The dusty-green Subaru Outback cruised through the intersection of Lake and 12th and seemed to slow as it passed Lindsay’s building. Then it continued on, its taillights receding up ahead, already too far away for Cindy to read the plate number.

  She tossed her phone onto the passenger seat, strapped in, jerked the car into gear, pulled out into the lane, and jammed on the gas. Thirty seconds later, she was flying east, past blocks of multicolored Victorian houses, tailing the green all-wheel-drive vehicle that was heading toward the Presidio.

  She could make out the silhouette of the driver through the Subaru’s rear window three cars ahead, but she wasn’t close enough to tell if the driver was male or female.

  Was Mackie Morales driving that car?

  Actually, Cindy had no idea.


  CONKLIN AND I were taking up space in the tech bullpen at Clapper’s forensics lab, peering over the bony shoulders and fuchsia hair of Bo Kellner, a sharp young criminalist who specialized in digital forensics.

  The three frames I’d snipped from several days of surveillance footage shot at the Hayes Valley Chuck’s Prime restaurant were getting this kid all excited. Well, the frames were exciting, but Kellner was already highly enthused about his new facial-recognition program called Hunting Wolf.

  He’d just installed it yesterday, and he was already being given a real-life opportunity to run Hunting Wolf through its paces. He was as excited as if he’d won the Instant Scratch-off Lotto.

  I only half listened to Kellner talk about his program because I was juggling anxiety on two fronts: the upcoming ransom deadline from our friendly mechanical belly bomber and my constant thrumming, live-wire fear for the lives of Yuki and Brady.

  Conklin, however, appeared to be in the present, and he wanted to get to know Bo Kellner’s new baby.

  “What do you know about facial recognition?” Kellner asked Conklin.

  “Pretty much what’s been produced in this lab and what I’ve seen on cop TV.”

  Kellner laughed. “Okay, then. So let’s start with this.”

  He inputted one of the faces from the grainy footage I’d sent to the lab twenty-four hours ago. It was a three-quarter view of a thin white man with a full beard who’d been caught on camera ordering from the menu hanging over the counter.

  Kellner was saying, “If this was actual footage, Hunting Wolf could read his lips and tell you what he ordered,” when my phone chirped. I fished it out of my jacket pocket and glanced at the caller ID.

  It was Cindy.

  I texted her that I couldn’t talk but I’d call her later. Thinking, yes, after I had the belly bomber in my theoretical crosshairs.

  Right now Belly Bomber was job one.

  Kellner was saying, “So now Hunting Wolf is scanning this gray-and-white image, using algorithms that look for light and shadow and specific features, relaying that information as a face print—a unique numerical code.”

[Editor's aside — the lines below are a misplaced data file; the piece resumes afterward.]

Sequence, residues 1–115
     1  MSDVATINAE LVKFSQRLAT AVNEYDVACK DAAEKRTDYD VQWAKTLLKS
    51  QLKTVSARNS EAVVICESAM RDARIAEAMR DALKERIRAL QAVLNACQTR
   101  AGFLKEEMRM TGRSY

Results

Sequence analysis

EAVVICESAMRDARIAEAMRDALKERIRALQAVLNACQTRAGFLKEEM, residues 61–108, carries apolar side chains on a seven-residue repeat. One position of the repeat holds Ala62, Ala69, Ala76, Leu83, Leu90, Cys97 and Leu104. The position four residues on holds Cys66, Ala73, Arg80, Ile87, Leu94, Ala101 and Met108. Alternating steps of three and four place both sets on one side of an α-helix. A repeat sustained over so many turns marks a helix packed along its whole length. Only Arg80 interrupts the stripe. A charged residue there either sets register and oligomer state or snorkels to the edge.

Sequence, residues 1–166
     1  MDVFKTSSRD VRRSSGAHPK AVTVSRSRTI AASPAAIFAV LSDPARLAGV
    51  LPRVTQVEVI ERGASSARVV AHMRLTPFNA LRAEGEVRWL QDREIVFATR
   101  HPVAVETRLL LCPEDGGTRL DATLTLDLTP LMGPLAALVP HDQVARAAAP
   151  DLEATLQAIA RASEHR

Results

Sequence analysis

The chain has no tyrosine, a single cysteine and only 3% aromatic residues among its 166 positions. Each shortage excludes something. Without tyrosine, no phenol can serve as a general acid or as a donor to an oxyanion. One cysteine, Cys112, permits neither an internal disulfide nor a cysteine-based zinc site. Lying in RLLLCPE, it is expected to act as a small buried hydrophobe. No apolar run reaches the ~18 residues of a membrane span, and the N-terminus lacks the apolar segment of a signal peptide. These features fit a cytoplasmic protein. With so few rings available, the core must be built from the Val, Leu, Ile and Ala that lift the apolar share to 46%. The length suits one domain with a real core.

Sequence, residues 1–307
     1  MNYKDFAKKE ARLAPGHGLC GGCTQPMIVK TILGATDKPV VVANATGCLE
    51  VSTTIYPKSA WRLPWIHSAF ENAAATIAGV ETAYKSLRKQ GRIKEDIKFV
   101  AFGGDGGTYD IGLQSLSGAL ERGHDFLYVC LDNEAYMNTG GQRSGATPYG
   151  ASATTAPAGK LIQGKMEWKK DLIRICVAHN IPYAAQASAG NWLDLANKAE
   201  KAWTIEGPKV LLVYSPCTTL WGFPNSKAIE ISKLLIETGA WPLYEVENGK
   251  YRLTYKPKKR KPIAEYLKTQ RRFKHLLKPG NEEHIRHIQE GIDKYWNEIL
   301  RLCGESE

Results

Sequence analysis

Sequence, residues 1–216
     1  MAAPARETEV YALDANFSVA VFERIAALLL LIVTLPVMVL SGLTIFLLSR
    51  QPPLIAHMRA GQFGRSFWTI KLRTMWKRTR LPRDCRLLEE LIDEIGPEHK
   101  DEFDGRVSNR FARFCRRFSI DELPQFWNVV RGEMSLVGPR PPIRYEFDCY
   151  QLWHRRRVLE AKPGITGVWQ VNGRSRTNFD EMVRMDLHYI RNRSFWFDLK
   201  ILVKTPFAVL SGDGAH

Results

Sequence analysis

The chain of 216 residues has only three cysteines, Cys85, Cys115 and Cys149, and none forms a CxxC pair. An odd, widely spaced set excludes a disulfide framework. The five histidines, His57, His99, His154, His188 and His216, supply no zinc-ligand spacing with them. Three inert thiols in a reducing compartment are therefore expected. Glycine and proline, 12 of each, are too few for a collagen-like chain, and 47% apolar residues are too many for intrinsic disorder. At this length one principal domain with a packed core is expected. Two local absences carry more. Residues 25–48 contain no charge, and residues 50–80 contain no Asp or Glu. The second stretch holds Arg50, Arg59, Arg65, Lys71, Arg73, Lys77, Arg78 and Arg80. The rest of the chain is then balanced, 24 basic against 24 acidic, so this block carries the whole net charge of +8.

“I’m more or less following you,” Conklin said.

  “Look,” Kellner said. “See the flickering at the top of the frame? The program is scanning pretty fast, but when it reaches the center of the face, the rapid movement will slow down as it tracks the features.”

  Kellner rotated the face from three-quarters to a frontal view. He said, “Now I’m going to mess with the picture a little. I’m going to delete the beard and fill in the lower half of the face with what we call male physiological norms.”

  Kellner moved the cursor around, twiddled with the image, and within seconds the guy with the beard was clean-shaven with a nice jawline.

  Kellner said, “So now, I enter this clean face into the database and give him a name: Kellner1SFPD. We’ve gone from facial tracking to facial recognition.”

  The software jiggled, locked in
, and then flashed through millions of faces already stored in the database, ranging beyond the known criminal database to any matching image that had ever been downloaded onto the Internet, at the fantastic speed of thirty-six million faces a second.

  But for all the cutting-edge pizzazz, there was no match.

  I said, “So he’s not a known criminal, and he’s not known, period.”

  “That’s right,” said Kellner. “If his image was on Facebook or any database, Hunting Wolf would send up a flare. This guy has a very low, almost nonexistent profile.”

  I leaned in and said, “If you input the second face, it could match to the first. It’s still just a cold hit, but maybe we’d get a better image of this guy, right?”

  “Correct,” said Kellner. “Exactly right.”

  The second photo from my series was of a skinny guy wearing a dark leather jacket, knit hat, a brushy moustache, and a small soul patch.

  Kellner imported it, and technological wizardry recommenced. Images flashed on the screen, stopped on the first skinny guy, now known as Kellner1SFPD, and flashed “100% MATCH.”

  Kellner said, “Let’s go for a triple play.”

  Skinny man number three wore a hoodie that threw a shadow over his eyes.

  The mouth on number three looked different from the first two, and he had a bulge in his cheek that looked like he had food in his mouth. Kellner explained, “Could be chewing gum. That’s a time-tested method of fooling ID software. Even smiling can throw off the search function. That’s why you don’t smile for a passport ID. But don’t worry. Hunting Wolf is smarter than the guy chewing gum and wearing a hoodie.

  “Watch Hunting Wolf hunt.”


  AS I WATCHED the computer screen, the software digested the new input at some unimaginable speed, and when it stopped, I was looking at a composite of our three skinny guys without any facial fur.

  Kellner’s program then did a global recognition search, and when no lights blinked and no bells rang, he pushed back his chair and looked up at us.